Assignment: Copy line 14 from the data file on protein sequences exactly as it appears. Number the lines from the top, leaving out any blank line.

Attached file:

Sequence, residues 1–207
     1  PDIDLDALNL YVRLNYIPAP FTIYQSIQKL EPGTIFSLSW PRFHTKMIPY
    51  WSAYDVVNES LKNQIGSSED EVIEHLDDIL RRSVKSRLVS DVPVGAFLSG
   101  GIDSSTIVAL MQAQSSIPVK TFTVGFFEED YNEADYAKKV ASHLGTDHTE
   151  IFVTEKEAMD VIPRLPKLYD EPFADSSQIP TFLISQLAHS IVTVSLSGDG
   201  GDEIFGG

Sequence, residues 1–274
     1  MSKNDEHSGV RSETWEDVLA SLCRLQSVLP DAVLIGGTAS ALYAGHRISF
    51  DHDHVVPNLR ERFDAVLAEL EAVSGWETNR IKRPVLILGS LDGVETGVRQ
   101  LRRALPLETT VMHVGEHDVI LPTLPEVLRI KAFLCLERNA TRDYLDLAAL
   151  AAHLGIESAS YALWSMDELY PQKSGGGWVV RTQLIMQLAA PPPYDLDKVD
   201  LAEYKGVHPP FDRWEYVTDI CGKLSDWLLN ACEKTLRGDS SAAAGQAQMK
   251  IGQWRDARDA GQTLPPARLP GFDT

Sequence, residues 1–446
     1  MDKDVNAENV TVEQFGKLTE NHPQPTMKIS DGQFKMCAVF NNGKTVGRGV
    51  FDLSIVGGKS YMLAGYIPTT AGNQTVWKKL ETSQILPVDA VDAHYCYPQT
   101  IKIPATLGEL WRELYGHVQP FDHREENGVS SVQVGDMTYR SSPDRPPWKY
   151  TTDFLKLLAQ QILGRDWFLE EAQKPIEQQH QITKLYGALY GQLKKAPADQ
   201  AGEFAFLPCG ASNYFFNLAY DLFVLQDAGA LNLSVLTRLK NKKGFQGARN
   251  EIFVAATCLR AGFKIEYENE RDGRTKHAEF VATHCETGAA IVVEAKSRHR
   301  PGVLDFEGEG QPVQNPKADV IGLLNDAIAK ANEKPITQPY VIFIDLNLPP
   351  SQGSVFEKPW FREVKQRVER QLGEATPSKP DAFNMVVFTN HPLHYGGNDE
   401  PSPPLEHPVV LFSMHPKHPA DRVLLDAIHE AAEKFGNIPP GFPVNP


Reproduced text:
Sequence, residues 1–446